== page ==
Version Reviewed: 1.0
Device Reviewed On: iPhone 5
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Remember that moment in the Iron Man movies where Tony Stark has to wait 30 seconds before he can do anything after a fight, or pay out some money to skip ahead to battle? Me neither. That's quite a prominent feature within the latest game though, Iron Man 3.
Deviating away from the path that really didn't work for Gameloft's Iron Man 2, Iron Man 3 is an Endless Runner. Or should that be an Endless Flyer? Everyone's favorite billionaire superhero is stuck in an Endless loop of flying across the skies, or very low to the ground, in an effort to collect Stark Credits and defeat various metallic enemies. It's not the worst Endless Runner/Flyer out there but it's such a waste of a great franchise.
Controls are of the tilt variety with taps and swipes initiating an attack on the many robots that Stark comes across. Combos are accrued through continually attacking with a constant swiping motion proving the best method. As well as enemies that can be destroyed, missiles and fighter jets also feature requiring a quick tilt in the opposite direction in order to avoid them. Tilt actions are a little twitchy and not immediately intuitive but after a time, they work well enough.
A series of challenges work to encourage players to keep playing with simple objectives such as "Fly X length" or "Collect X number of credits". Occasionally, players are asked to fight against a boss, one of the villains from the comic book, in order to complete a challenge. The same fighting rules apply, however, but at least it adds something to the storyline.
The storyline suffers mostly from the fact that the game's Tony Stark looks and sounds nothing like Robert Downey Jr. Similarly, Pepper Potts looks nothing like Gwyneth Paltrow, although, at least JARVIS sounds familiar. That and it's basically just a loose set of connections between the various challenges and the reasoning why Iron Man needs special crystals to carry on. Yes, as mentioned previously, timers play a big part in Iron Man 3. After each session, players have to wait for a timer to run out before they can play again. Also, upgrades can be bought with credits but then players have to wait for the timer to finish there.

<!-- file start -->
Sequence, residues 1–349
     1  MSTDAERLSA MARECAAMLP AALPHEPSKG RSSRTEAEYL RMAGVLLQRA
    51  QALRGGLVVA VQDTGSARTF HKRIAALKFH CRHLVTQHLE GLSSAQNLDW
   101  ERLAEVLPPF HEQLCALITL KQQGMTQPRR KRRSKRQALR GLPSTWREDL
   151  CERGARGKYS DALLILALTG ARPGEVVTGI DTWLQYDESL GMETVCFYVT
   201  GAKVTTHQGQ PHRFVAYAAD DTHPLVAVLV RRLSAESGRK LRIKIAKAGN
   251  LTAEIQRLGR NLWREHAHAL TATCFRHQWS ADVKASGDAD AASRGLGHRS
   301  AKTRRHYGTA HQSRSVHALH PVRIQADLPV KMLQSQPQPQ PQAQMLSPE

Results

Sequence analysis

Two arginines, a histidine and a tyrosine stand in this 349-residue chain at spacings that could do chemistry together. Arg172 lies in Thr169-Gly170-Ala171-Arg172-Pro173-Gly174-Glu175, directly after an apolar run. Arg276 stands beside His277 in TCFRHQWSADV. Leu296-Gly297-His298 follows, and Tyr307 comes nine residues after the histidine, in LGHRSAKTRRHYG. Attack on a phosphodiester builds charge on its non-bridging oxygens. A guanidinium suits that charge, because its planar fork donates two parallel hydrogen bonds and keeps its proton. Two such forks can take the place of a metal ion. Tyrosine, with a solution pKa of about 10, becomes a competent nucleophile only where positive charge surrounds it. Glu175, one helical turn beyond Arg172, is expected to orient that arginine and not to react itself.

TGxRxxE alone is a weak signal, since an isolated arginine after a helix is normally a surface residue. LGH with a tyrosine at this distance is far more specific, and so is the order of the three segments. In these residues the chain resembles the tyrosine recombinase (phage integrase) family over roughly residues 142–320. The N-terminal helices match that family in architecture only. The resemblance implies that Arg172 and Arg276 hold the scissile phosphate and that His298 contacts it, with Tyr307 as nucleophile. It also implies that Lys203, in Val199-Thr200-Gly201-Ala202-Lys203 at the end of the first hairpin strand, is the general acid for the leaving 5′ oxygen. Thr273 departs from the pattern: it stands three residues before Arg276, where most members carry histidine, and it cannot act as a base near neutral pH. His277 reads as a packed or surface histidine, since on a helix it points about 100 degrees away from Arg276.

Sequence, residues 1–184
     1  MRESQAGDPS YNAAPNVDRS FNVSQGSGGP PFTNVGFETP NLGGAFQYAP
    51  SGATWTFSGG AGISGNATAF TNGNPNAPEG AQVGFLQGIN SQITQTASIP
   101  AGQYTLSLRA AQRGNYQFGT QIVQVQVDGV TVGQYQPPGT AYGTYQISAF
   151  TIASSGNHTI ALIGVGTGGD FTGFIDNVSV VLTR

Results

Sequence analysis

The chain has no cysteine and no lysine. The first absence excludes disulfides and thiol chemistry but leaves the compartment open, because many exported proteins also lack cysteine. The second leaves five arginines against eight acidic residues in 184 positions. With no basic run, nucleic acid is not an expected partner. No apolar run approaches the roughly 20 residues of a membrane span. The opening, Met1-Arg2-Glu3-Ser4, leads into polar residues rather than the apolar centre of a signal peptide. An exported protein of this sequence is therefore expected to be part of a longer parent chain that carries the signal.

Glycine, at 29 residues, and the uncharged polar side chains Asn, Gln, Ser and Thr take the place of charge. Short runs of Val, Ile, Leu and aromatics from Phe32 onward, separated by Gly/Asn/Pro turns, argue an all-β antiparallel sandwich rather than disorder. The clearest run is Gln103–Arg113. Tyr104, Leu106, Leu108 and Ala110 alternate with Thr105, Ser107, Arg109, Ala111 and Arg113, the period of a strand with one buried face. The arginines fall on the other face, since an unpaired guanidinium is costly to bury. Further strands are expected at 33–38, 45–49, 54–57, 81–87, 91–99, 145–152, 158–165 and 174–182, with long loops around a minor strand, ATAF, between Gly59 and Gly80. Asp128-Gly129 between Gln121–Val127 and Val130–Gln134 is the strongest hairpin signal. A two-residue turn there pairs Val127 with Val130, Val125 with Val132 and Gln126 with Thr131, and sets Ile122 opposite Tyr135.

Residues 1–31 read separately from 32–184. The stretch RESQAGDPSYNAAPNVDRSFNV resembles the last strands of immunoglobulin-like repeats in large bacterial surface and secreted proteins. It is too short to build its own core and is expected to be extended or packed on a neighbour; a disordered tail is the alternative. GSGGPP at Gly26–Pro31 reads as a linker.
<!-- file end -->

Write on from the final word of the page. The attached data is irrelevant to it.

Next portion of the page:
It's not the longest of waits but it's still an irritant and one that feels like a cheap gimmick to encourage players to spend real money on crystals to speed up progress. Such micro transactions are ever prominent throughout Iron Man 3, such as when it comes to unlocking upgrades or new suits. Grinding is possible but it'll take a long while to achieve. Bear in mind, to unlock all suits at once, it costs a rather eye-watering $99.99.
As an Endless Runner, Iron Man 3 is a middling proposition. Not awful but also not worthy of note. As the game of a huge movie, though, it's a waste of a great franchise, and one that is bound to disappoint.